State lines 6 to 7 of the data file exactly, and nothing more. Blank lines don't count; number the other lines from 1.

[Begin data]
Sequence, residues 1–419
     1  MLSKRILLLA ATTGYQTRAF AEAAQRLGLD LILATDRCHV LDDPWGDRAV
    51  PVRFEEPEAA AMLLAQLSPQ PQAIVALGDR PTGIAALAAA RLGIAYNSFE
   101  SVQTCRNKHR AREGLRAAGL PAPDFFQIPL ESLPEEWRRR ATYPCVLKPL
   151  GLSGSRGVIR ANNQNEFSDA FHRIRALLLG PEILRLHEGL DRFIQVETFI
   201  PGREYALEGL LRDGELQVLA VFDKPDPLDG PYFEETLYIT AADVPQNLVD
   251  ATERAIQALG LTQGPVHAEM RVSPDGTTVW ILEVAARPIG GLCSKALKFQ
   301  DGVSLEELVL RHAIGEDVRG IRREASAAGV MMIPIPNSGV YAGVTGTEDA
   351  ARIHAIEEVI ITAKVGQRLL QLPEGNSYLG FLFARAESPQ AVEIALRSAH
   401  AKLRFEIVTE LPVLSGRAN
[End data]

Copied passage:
   201  PGREYALEGL LRDGELQVLA VFDKPDPLDG PYFEETLYIT AADVPQNLVD
   251  ATERAIQALG LTQGPVHAEM RVSPDGTTVW ILEVAARPIG GLCSKALKFQ